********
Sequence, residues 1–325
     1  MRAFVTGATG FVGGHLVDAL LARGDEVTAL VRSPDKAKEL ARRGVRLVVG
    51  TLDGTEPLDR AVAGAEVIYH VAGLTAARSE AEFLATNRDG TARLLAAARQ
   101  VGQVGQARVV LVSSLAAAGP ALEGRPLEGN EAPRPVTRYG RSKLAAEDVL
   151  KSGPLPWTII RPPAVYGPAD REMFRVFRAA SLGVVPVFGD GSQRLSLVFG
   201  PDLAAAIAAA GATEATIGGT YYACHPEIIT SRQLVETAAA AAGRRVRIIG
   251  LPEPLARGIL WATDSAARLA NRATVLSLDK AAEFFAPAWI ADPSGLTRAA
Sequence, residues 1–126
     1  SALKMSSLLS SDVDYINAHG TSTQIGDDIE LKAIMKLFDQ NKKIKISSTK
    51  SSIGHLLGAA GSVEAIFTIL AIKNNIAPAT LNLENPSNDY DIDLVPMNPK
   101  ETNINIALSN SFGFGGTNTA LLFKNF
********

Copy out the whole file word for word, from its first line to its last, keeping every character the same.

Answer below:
Sequence, residues 1–325
     1  MRAFVTGATG FVGGHLVDAL LARGDEVTAL VRSPDKAKEL ARRGVRLVVG
    51  TLDGTEPLDR AVAGAEVIYH VAGLTAARSE AEFLATNRDG TARLLAAARQ
   101  VGQVGQARVV LVSSLAAAGP ALEGRPLEGN EAPRPVTRYG RSKLAAEDVL
   151  KSGPLPWTII RPPAVYGPAD REMFRVFRAA SLGVVPVFGD GSQRLSLVFG
   201  PDLAAAIAAA GATEATIGGT YYACHPEIIT SRQLVETAAA AAGRRVRIIG
   251  LPEPLARGIL WATDSAARLA NRATVLSLDK AAEFFAPAWI ADPSGLTRAA
Sequence, residues 1–126
     1  SALKMSSLLS SDVDYINAHG TSTQIGDDIE LKAIMKLFDQ NKKIKISSTK
    51  SSIGHLLGAA GSVEAIFTIL AIKNNIAPAT LNLENPSNDY DIDLVPMNPK
   101  ETNINIALSN SFGFGGTNTA LLFKNF